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Lecture 16

November 8 Notes Week 9 Lecture 17; (Also includes Lecture 16, 17 - November 5, 6, 8 + Tutorial 7) - RELIGST 2HH3

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Department
Religious Studies
Course Code
RELIGST 2HH3
Professor
Stephen Westerholm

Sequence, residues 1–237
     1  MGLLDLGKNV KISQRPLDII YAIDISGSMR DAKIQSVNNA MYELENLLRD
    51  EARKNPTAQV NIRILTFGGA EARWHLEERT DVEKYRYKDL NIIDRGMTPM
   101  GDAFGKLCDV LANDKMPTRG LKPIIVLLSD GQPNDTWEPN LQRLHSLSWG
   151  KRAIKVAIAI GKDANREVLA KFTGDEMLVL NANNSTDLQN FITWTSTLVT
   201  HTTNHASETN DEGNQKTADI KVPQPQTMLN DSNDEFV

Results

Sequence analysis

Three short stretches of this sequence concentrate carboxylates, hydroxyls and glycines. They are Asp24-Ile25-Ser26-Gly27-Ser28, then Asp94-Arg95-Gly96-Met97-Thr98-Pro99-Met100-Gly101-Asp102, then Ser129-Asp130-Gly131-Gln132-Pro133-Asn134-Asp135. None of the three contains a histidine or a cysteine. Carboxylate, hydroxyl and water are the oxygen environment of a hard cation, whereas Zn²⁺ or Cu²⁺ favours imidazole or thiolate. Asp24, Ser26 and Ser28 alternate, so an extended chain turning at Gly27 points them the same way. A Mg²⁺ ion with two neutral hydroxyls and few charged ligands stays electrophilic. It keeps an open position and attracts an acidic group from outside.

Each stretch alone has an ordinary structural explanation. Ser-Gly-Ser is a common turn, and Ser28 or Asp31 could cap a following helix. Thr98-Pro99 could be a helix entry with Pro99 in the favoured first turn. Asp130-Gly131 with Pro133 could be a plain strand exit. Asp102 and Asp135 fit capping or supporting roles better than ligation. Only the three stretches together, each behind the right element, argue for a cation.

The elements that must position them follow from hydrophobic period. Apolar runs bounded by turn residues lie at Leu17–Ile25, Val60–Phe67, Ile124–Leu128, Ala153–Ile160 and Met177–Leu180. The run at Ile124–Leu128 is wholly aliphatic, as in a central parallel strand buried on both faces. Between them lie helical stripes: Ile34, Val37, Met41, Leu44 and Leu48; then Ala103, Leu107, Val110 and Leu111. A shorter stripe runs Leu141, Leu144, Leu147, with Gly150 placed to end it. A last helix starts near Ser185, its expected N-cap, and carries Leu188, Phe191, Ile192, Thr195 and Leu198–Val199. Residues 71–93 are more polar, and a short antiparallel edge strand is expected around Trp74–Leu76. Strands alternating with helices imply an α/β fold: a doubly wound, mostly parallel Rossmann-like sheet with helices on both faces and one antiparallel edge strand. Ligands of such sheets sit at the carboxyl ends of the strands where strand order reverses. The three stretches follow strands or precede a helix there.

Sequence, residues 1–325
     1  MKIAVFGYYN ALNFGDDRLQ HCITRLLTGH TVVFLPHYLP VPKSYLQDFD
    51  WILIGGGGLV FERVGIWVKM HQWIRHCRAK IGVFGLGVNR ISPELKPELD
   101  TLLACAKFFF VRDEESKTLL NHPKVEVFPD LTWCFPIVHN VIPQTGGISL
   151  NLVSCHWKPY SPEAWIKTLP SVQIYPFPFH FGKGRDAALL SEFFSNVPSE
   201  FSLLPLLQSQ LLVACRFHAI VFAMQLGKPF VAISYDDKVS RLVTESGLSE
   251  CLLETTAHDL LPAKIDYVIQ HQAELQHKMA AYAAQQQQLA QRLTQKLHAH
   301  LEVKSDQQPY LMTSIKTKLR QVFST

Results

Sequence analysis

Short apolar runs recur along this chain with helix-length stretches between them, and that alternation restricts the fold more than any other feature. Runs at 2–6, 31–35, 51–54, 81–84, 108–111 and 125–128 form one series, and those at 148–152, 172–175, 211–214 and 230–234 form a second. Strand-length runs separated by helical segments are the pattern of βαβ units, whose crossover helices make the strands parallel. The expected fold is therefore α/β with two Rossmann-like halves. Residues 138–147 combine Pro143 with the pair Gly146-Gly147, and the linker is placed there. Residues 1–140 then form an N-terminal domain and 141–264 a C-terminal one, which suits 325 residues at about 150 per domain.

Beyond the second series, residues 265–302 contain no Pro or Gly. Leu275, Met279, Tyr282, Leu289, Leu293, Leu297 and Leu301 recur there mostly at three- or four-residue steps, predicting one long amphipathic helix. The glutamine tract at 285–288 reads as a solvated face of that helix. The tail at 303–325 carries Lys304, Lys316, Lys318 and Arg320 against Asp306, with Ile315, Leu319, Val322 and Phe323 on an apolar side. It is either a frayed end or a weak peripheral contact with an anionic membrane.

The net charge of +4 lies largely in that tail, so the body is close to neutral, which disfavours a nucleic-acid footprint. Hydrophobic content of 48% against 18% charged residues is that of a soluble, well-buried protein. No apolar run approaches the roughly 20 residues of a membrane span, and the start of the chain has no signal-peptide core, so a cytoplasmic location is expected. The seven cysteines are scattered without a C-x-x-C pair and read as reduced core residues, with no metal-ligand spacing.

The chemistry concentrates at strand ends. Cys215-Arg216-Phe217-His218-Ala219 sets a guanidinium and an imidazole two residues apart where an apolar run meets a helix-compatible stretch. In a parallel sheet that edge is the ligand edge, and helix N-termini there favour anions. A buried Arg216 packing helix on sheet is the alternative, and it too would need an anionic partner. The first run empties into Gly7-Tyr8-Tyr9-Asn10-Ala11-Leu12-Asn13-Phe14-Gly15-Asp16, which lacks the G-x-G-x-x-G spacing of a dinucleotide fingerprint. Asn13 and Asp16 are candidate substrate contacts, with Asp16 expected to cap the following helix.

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WEEK 9 RELIGST 2HH3 Lecture 16 November 5, 2013  All parts of the Bible are important, but all parts are not equal to Christians – some are more central to Christian faith o Ecclesiastes is not as important as Isaiah, or Psalms  Matthew, John, Romans – most quoted NT scripture o Suggested that Orthodox Eastern Christian Church – Gospel of John o Roman Catholicism – Matthew o Protestant – Romans o Matthew includes everything from Mark, but also Sermon on the Mount o Matthew and John – both Gospels o Romans – most important, non-narrative, in the Christian tradition  Most important to leaders of church (Luther, Calvin)  Most important for 20 century theologians – Karl Barth  famous for commentary on Romans  Rome was the center of the empire at the time  Letter written to Rome – he had never been to Rome; he had to start with fundamentals because he hadn’t established the church; he knew people there, but had not been there – opportunity to set forth the Gospel as he understands it, for people who hadn’t heard it from him  Given that there were different ideas about the Gospel from others – he set forth his understanding  Most other letters were written to churches founded by Paul, did not need to go over basics because he had already gone over them when he was with them, he addressed specific issues  Paul had a mission to the Gentiles  Rome center of Gentile world, they needed to hear the Gospel message from him who has the primary responsibility to set forth the Gospel for Gentiles  Paul was controversial  Some thought he was an apostle  Some believed he was inferior to Super Apostles  Some did not agree with his Gospel message; disagreed with his conclusion about circumcision – people probably talked about him and how they felt about him  He wanted to set the record straight, tell them in his own words what he understands the Gospel to mean  Summary – most important and influential because  More systematic treatment than other letters – don’t know him (he wants to convey his message in his own words), have heard misrepresentations of what he stands for (put things right)  More mature statement – mature Paul; mature statement of issues that had arisen in earlier communications o Language of Justification by Faith  Not found in Thessalonian letters, not really present in Corinthian letters  Had become part of Pail’s repertoire and basic message – initially was not until an issue arose in Galatia  Issue in Galatia – false teachers about circumcision and keeping laws; Paul says that you should not follow the law, because you cannot be justified through it, justified by faith in Christ, not by the law o Church is a Body with different members  Not part of Paul’s repertoire until issue arose in Corinth – Paul developed idea of quality of gifts like each member of the body is equal  Issue in Corinth – Corinthians celebrating other gifts more so than others  Romans 8 o Whether Christians ought to eat meat offered to idols  Paul worked this out in the context of a Crisis  1 Corinthians 8-10; in principle its OK, but don’t do it if it offends or causes misunderstanding of others  Romans 14-15 Romans  Most important and influential non-narrative in Christian tradition  Paul’s circumstances when writing Romans o Come visit Rome shortly – stresses that he has always wanted to, but it was never the will of God, been prevented to this point; now plans to come  prepare them for his visit o Romans 15 – circumstances become clear  Going to Jerusalem to deliver the collection from different churches 1 WEEK 9 RELIGST 2HH3  Going to Spain – always been his ambition to take the Gospel where it has not been before; wants to be a pioneer, not work on foundation built on someone else’s message; done with West, wants to go East  Rome on way of Spain – always wanted to go to Rome; asking for support from Rome to send him off to Spain rd o Paul is in Corinth – end of 3 missionary Journey  Acts 20:2-3 – spending 3 months in Greece (Corinth) before Jerusalem collection  Purpose for writing Romans o Preparation for his visit – telling them his plans so they will be ready for him o Planning to go on to Spain and would like their support o Obligation to set forth his understanding of the Gospel to Rome – Paul is an Apostle to the Gentiles (his vocation, calling); Rome is center of Gentile world o Asks for their prayers on his behalf (end of Romans 15) – concerned about a) His own safety – enemies in Jerusalem, some see him as an enemy and traitor of the cause) b) Welcome of his gift – whether collection will be accepted by Jerusalem – Paul is suspicious of a character in Jerusalem, believers in Jerusalem may be afraid to associate with him and not want to accept money from him  We now know about arrest in Jerusalem; went to Rome having been arrested in Jerusalem, not under circumstances he had intended o Letter seems to be broad – yet it is possible that Paul was aware of the circumstances of Roman Church  Romans 14-15 – suddenly talks about strong and weak believers  Strong believes – eat anything  Weak – wont eat meat  May be general treatment about what may arise – or Paul may have known about the circumstances in Rome o Not known how the Gospel first reached Rome – but was an established Christian community when Paul wrote to them o Roman government is unproblematic – every government has been instituted by God, therefore we ought not challenge them – did not seem to be persecuting believers  Toward end of 40s – Roman empires banished Jews from Rome  Too much fighting occurring, concerning “Christos”; conflict between Jews; those who believed in Christ and those who did not  Banishment was no longer occurring when Paul had written to them, because Paul refers to the Jews in Rome in his letter  Possible that there was a time in Rome when believers were made up of entirely non-Jews  When Jews returned, there may have been tension between Jews and non-Jews  Non-Jewish believers look down on Jewish believers  Suggested by Paul’s writing about strong vs. weak believers  Writing to Gentiles – don’t want you to boast over Jewish people (Romans 11)  Romans 1:16-17 – o Language of not being ashamed – may be openly confessing the Gospel  Jesus says – whoever confesses, I will confess to my father; whoever is ashamed of me, I will be ashamed of them in front of my father  Language of Psalms – speaker is in trouble; God do not let me down, put me to sham – God doesn’t let Paul down  Comes from last book of Isaiah – addressed to Jews exiled in Babylon coming to them with good news that God will deliver his people (redemption from captivity and exile); language of proclaimer of Good News is taken over by Jesus in the Gospels (coming of gods kingdom) o Not only news to pass on – wants to pass on the power of God – the means God uses to bring salvation to people o Applies to Jew and also to the Greek – universal message; no longer conformed to Jews; for Jews and Gentiles on the same terms (for those who believe) o Message of Salvation – in message of Gospel, the righteousness of God is revealed  debated phrase; taken in 2 ways  Righteousness of God may mean the Salvation of God – salvation that god brings to his people; righteousness of God means Gods way of putting thing right  Seen repeatedly that it is basic to Jewish and Christian faith – if God is all powerful and good, sometime things will be put right, evil cannot triumph in the end, may be present in the time being; by whatever means, God will put it right  the Gospel is the means by which God puts things right in a world that’s gone wrong  Gods way of putting people right declaring people to be in the right who are otherwise in the wrong; people have done what they ought not to do, because of this, when they stand trial before God they ought be condemned, but the righteousness of God is Gods gift of righteousness to those who are not righteous in themselves  Gods gift of righteousness to those who are not themselves righteous so that they may be approved when they stand judgment 2 WEEK 9 RELIGST 2HH3 Tutorial 7 November 6, 2013 Romans 3:21-31 Romans 3:21-26  Called the heart of this section of Romans; heart and center of the whole book of Romans o Martin Luther (former; Augustan Monk) – thought this was the heart and center of the whole Bible  Most debated section  Compact argument; big theological words, dense  Main point – to explain why Christ died on the cross; Paul’s Gospel  this is the section that people should know  Topic of discussion – Righteousness of God  Romans 3:21-22a  WHEN the righteousness of God appears o Romans 1:18-3:20 – argument that all have sinned (Jew or Gentile) and are under wrath God’s wrath; essentially the problem argued in OT o Temporal argument – although people are under Gods wrath, God has made his righteousness appear o Righteousness of God – definitions 1. Salvation of God 2. God declaring people’s righteousness – main focus of first 4 chapters of book of Romans; now God has declared people righteous (Just and Good) 3. God’s faithfulness in upholding creations goodness – fall of man (first sin), God now restoring goodness o WHEN  JESUS CHRIST; God’s righteousness given through faith in Jesus Christ o Salvation was spoken to and hinted in the Law and Prophets (Law and Prophets can testify)  Law and Prophets  referring to the OT o Salvation comes apart from the law (Law Covenant/Mosaic Covenant/Sinaitic Covenant; Exodus 19-end of Deuteronomy)  Romans 3:22b-23  FOR WHOM righteousness of God is for o ALL WHO BELIEVE  Righteousness of God applies to all who believe  All are accountable for their sin and face wrath  all who believe receive God’s salvation  Romans 3:24-25a  HOW righteousness of God applies to “for whom” o Redemption – buy back; pay to free; OT and ancient world, to be freed from slavery someone had to redeem slave (pay to free slave)  Christ has paid for all sinners to be freed from “slavery” o Justified – acquitted, declared just (Romans 3:24); people who believed in Jesus are justified freely by the redemption in Christ o Great Paradox – THE UNJUST DECLARED JUST  Paul claims that all are under wrath and are unjust  then claims that all are justified by Christ  Makes God seem unjust (eg/ serial killer admits to crime, judge declares them innocent and just) – letting people who deserve punishment become just and free o GOD MADE JESUS A SACRFICIE OF ATONEMENT (Romans 3:25) – answers paradox  Expiation